I am thinking that my best bet is to sell my emerging market stocks, followed by my small cap stocks, whenever the market has an uptick between now and the election, then sit on a 50/50 large cap / cash allocation and monitor the situation for the next 6 months?  Do you disagree with my assessment of how emerging markets would perform during a recession in the US?


Sorry for long post.
Thank you very much,
Brian




Scandium

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Re: 1980vs2016, asset allocation, election risk?
« Reply #1 on: September 23, 2016, 10:31:23 AM »
I am a sound money guy.  Think Steve Forbes [who?].  I agree with Peter Schiff [who?]on what we should do for our economy, but I disagree with how he applies this to investments- I think he underestimates the effect everyone going to US investments when the economy gets dicey.

In 2007/8, we should not have intervened to prop up the financial markets.  Furthermore, the intent of the fed (a bunch of bankers) in their decision to bring interest rates to zero and to go through multiple rounds of QE was to save their friends (a bunch of bankers) rear ends by creating asset bubbles.  (Had we not intervened, we would have seen a short, hard recession, strong banks would have been able to buy the assets (loans, performing and non performing) of weaker banks at a large discount, weaker banks would have gone out of business, and we would have experienced strong economic growth for the past 6 years instead of the weakest recovery ever.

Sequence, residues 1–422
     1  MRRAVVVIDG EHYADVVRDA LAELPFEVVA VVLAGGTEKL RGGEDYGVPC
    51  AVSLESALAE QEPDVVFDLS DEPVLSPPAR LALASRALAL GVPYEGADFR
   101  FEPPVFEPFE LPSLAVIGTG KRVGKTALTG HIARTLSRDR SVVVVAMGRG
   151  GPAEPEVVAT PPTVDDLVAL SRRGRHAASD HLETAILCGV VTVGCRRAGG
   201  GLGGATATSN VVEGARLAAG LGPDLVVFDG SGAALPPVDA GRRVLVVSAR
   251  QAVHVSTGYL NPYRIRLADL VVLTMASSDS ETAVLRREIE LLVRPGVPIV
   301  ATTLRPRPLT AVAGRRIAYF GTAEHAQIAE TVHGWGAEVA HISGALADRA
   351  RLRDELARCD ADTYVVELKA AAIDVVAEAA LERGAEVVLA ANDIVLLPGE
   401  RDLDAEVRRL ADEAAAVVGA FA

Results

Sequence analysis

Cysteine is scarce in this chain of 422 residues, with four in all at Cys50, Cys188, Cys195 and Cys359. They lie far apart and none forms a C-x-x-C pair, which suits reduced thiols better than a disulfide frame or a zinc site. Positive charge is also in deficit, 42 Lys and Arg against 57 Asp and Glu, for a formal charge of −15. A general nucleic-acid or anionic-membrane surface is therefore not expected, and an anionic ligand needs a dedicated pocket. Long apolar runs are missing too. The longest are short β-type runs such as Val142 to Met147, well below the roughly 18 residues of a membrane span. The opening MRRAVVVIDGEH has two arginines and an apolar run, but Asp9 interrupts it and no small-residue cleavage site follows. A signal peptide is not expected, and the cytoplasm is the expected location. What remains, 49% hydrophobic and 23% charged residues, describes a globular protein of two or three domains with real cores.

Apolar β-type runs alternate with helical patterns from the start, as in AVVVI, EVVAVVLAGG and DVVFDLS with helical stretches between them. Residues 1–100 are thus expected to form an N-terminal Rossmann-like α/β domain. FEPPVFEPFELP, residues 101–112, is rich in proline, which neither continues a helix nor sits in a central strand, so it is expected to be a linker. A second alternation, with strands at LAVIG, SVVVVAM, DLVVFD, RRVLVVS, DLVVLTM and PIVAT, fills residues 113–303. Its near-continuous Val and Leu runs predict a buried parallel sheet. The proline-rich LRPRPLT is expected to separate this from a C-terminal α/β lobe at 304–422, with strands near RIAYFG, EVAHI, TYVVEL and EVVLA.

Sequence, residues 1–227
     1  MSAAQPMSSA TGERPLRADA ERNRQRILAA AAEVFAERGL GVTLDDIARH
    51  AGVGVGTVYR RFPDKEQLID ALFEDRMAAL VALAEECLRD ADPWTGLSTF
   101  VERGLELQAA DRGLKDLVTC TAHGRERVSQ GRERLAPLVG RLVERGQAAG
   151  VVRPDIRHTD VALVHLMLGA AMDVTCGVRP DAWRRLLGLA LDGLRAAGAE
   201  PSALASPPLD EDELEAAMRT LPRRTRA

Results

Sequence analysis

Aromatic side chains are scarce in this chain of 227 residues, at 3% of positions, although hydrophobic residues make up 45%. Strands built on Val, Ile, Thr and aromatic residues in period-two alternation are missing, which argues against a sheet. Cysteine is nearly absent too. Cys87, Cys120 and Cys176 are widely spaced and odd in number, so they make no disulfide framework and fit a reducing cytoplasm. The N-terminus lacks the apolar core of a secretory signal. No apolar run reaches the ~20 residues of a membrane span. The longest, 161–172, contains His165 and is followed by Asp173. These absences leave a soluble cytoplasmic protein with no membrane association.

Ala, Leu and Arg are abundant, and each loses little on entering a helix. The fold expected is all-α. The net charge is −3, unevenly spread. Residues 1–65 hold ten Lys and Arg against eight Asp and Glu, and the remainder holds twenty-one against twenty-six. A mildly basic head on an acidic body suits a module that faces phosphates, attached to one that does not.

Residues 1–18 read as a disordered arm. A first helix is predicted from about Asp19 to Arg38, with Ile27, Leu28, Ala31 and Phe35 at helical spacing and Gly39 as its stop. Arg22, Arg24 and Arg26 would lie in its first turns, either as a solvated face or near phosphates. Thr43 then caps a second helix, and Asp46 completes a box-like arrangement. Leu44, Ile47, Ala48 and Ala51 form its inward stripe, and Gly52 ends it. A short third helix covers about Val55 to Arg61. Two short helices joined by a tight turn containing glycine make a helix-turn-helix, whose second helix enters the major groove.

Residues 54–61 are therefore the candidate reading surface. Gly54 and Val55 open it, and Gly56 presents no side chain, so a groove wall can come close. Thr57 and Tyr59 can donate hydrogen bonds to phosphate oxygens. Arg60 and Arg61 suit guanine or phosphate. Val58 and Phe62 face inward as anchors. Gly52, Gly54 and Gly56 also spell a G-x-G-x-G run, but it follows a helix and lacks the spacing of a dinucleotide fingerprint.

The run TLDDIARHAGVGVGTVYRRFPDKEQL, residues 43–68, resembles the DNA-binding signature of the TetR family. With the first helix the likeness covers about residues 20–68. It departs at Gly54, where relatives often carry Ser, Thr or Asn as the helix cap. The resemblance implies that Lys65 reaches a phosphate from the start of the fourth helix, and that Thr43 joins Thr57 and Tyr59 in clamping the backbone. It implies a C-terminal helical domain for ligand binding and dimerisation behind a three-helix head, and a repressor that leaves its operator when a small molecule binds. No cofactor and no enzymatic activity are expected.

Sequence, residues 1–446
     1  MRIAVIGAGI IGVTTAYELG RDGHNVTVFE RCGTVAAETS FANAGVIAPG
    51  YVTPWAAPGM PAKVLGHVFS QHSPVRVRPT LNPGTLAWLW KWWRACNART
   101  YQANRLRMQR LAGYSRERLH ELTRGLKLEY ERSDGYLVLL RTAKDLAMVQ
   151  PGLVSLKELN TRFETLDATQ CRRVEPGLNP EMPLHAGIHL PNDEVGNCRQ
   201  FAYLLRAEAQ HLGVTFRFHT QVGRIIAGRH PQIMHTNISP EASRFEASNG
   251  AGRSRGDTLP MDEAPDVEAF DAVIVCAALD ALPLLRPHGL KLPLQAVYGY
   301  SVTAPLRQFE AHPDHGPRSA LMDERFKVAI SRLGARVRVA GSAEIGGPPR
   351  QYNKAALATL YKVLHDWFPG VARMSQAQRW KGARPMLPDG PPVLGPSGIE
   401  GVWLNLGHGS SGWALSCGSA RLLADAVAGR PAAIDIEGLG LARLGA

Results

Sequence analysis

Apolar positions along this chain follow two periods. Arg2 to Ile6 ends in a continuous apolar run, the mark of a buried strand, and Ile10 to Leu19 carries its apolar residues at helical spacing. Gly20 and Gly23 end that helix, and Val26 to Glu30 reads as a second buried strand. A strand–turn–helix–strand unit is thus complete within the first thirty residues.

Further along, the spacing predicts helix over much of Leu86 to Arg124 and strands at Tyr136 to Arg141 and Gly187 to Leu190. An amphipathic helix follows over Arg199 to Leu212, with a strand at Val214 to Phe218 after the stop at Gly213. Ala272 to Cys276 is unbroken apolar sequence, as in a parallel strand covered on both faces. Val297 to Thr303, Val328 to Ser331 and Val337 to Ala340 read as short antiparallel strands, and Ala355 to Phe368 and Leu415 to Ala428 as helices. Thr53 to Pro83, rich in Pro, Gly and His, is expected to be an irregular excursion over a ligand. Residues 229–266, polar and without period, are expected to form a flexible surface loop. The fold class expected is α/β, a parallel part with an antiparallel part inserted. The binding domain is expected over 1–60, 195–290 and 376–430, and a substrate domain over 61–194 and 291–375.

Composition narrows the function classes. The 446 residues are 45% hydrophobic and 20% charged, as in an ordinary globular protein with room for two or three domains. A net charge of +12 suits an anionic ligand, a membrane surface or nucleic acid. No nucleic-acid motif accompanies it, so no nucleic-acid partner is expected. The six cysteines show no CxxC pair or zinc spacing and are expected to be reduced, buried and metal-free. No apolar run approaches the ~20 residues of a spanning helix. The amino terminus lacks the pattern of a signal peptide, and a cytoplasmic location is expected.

Wow. Ok fine if you want to yak on about this conspiracy, naive nonsense about the economy at a Bernie rally or in Yahoo comments. But if you're going to do this "market/economic analysis" to change your allocation (which I think is a terrible idea, but anyway) you should have  a proper understanding of the economy, how the crash happened, why the fed/treasury did what they did, the consequences had they not etc. I only have a passing interest in economics or the crisis, but I still see that what you're saying here is pure garbage.

Short hard recession? eeh, that's what we had. Big banks did buy up other banks, after a push/guarantee from the government. Due to halting of credit they couldn't otherwise. And on and on.